• 12. The NEXT VALUE FOR clause is known as a sequence expression. Coding the sequence expression causes DB2 to use the named SEQUENCE object to automatically generate the next value. You can use a sequence expression to request the previous value that was generated. For example: SELECT PREVIOUS VALUE FOR ACTNO_SEQ INTO :IVAR FROM DSN881Ø.ACT; As you can see, sequence expressions are not limited to INSERT statements, but can be used in UPDATE and SELECT statements too. Caution: if you specify the NEXT VALUE FOR clause more than once in the same SQL statement DB2 will return the same value for each NEXT VALUE FOR specification. SEQUENCE object parameters Similar to identity columns, a SEQUENCE object has parameters to control the starting point for the generated sequential values, and the number by which the count is incremented. You can also specify the data type to be generated (the default is INTEGER). You can also specify a minimum value (MINVALUE) and a maximum value (MAXVALUE) if you wish to have further control over the values than is provided by the data type chosen. Again, as with identity columns, you can specify how the SEQUENCE should handle running out of values when the maximum value is hit. Specifying the CYCLE keyword will cause the SEQUENCE object to wrap around and begin generating values from the minimum value all over again. A final consideration for SEQUENCE objects is cacheing. Sequence values can be cached in memory to facilitate better performance. The size of the cache specifies the number of sequence values that DB2 will pre-allocate in memory. In the previous example CACHE 10 indicates that ten sequence values will be generated and stored in memory for subsequent use. Of course, you can turn off cacheing by specifying NO CACHE. 12 © 2004. Xephon USA telephone (214) 340 5690, fax (214) 341 7081.
  • 13. With cacheing turned off, each new request for a sequence number will cause I/O to the DB2 catalog (SYSIBM.SYSSEQUENCES) to generate the next sequential value. SEQUENCE object guidelines DB2 does not wait for an application that has incremented a sequence to commit before allowing the sequence to be incremented again by another application. Applications can use one sequence for many tables, or create multiple sequences to be used by each table requiring generated key values. In either case, the applications control the relationship between the sequences and the tables. The name of the SEQUENCE object indicates that we are going to use it to generate activity numbers (ACTNO), but its usage is not limited to that. Of course, failure to control the use of a SEQUENCE object can result in gaps in the sequential values. For example, if we use the ACTNO_SEQ object to generate a number for a different column, the next time we use it for ACTNO there will be a gap where we generated that number. Other scenarios can cause gaps in a SEQUENCE, too. For example, issuing a ROLLBACK after acquiring a sequence number will not roll back the value of the sequence generator – so that value is lost. A DB2 failure can also cause gaps because cached sequence values will be lost. Please note, too, that when sequences were introduced in non- mainframe DB2, syntax was supported that did not conform to the SQL standard. This non-standard syntax is supported on the mainframe as well: • NEXTVAL can be used in place of NEXT VALUE. • PREVVAL can be used in place of PREVIOUS VALUE. CHOOSING BETWEEN IDENTITY AND SEQUENCE Although both identity columns and SEQUENCE objects are © 2004. Reproduction prohibited. Please inform Xephon of any infringement. 13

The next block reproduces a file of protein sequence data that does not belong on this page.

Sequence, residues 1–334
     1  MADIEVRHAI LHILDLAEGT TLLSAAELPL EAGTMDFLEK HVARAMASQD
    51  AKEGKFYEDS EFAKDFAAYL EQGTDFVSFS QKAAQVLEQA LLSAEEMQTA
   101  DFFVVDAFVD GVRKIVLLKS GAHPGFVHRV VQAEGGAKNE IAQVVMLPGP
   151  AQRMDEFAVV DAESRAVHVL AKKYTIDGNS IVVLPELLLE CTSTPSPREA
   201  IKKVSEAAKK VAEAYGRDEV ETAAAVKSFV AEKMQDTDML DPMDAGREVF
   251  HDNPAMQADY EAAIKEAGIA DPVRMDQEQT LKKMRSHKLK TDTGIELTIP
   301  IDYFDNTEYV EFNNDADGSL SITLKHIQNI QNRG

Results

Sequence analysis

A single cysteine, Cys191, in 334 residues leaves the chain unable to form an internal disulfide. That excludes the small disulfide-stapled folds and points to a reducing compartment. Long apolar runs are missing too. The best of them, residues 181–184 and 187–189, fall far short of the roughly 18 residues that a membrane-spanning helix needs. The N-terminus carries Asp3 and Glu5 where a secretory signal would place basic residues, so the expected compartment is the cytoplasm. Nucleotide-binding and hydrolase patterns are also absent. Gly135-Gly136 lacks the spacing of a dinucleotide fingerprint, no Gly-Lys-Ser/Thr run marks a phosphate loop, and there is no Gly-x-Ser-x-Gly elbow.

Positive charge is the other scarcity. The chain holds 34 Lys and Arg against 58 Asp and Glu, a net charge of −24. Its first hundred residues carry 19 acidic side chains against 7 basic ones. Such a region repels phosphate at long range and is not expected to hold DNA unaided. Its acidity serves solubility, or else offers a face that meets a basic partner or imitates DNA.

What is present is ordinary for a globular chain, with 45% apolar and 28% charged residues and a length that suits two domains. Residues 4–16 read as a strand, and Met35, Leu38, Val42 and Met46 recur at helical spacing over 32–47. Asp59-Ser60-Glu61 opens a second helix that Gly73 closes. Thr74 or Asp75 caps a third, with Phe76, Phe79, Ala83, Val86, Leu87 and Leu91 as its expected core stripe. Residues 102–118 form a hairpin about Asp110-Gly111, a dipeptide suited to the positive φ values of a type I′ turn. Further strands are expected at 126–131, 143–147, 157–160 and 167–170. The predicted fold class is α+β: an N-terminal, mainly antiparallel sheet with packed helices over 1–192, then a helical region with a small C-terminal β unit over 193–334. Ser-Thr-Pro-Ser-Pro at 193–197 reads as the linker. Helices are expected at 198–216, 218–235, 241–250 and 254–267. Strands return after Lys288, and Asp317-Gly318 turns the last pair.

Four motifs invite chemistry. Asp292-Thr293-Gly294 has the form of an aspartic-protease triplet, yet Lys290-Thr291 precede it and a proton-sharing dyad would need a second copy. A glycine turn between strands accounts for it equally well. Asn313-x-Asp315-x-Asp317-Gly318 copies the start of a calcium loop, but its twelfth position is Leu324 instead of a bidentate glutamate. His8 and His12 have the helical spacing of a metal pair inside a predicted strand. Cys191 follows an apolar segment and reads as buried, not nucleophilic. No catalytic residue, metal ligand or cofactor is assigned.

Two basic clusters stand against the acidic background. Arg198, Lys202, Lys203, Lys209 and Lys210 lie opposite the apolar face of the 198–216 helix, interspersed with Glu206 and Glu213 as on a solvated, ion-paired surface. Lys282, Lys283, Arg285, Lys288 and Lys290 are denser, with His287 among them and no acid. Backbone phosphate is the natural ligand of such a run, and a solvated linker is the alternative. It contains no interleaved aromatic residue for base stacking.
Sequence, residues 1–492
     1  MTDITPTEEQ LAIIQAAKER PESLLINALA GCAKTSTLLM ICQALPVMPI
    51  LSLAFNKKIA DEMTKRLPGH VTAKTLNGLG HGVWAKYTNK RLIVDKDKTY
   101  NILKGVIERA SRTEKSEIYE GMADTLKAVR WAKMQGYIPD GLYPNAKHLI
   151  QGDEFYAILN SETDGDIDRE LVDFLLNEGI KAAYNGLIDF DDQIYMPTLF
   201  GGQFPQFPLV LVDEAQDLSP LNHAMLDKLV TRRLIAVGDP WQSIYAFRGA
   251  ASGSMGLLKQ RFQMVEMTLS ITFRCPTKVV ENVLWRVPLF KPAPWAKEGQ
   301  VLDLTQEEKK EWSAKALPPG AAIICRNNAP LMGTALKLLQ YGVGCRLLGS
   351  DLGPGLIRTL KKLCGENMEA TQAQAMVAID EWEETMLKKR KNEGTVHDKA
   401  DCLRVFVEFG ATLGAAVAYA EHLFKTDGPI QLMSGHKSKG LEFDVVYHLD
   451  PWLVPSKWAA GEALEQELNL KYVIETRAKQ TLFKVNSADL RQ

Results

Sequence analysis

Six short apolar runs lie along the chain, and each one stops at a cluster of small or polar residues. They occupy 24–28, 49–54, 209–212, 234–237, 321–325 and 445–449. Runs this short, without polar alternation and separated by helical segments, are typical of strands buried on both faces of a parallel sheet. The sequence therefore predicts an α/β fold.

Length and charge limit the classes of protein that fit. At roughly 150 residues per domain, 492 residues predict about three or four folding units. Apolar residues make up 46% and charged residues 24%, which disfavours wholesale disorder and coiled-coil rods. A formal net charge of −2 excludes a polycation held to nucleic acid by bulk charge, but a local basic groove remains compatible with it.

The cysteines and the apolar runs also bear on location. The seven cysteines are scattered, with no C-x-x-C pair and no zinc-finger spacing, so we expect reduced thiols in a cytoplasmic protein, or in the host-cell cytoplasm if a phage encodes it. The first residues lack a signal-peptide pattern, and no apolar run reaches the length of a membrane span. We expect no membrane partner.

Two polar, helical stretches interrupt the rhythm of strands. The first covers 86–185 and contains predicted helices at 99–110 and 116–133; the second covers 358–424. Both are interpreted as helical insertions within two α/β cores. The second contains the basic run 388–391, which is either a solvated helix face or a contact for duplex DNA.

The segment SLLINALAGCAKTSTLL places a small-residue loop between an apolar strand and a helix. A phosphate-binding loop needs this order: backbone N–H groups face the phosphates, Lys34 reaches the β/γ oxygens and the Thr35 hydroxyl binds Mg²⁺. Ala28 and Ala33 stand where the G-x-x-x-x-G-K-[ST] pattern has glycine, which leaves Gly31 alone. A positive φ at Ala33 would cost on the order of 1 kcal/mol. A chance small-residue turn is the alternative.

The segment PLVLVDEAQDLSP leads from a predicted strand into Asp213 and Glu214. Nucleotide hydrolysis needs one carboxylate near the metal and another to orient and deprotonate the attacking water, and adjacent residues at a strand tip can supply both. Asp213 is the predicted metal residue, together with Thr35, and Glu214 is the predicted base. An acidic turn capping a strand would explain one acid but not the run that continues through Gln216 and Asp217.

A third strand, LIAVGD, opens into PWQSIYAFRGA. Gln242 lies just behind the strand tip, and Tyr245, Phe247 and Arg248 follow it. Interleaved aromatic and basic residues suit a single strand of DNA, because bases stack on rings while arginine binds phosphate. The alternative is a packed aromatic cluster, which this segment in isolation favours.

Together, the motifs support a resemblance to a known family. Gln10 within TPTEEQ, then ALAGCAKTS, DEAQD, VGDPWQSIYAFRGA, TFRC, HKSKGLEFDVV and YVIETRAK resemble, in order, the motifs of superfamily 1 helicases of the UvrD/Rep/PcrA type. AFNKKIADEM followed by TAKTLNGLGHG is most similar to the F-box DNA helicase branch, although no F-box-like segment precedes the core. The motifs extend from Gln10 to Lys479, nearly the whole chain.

• 14. useful for generating incremental numeric values, you will be confronted with situations where you will have to choose between the two. Consider the following criteria for when to use one instead of the other. Identity columns are useful when: • Only one column in a table requires automatically-generated values. • Each row requires a separate value. • An automatic generator is desired for a primary key of a table. • The LOAD utility is not used to load data into the table. • The process of generating a new value is tied closely to inserting into a table, regardless of how the insert happens. SEQUENCE objects are useful when: • Values generated from one sequence are to be stored in Identity columns SEQUENCE objects Internal objects generated Stand-alone database objects and maintained by DB2 created by a DBA Associated with a single table Not associated with a specific table; usable across tables Use IDENTITY_VAL_LOCAL() to Use PREVIOUS VALUE FOR seq- get last value assigned expr to get last value assigned N/A Use NEXT VALUE FOR seq-expr to get next value to be assigned Add/change using ALTER TABLE Administer using ALTER ...ALTER COLUMN (DB2 V8 only) SEQUENCE, DROP, COMMENT, ...ALTER COLUMN (DB2 V8 only) GRANT, and REVOKE Version 6 refresh; Version 7 Version 8 Figure 1: Identity columns and SEQUENCE objects 14 © 2004. Xephon USA telephone (214) 340 5690, fax (214) 341 7081.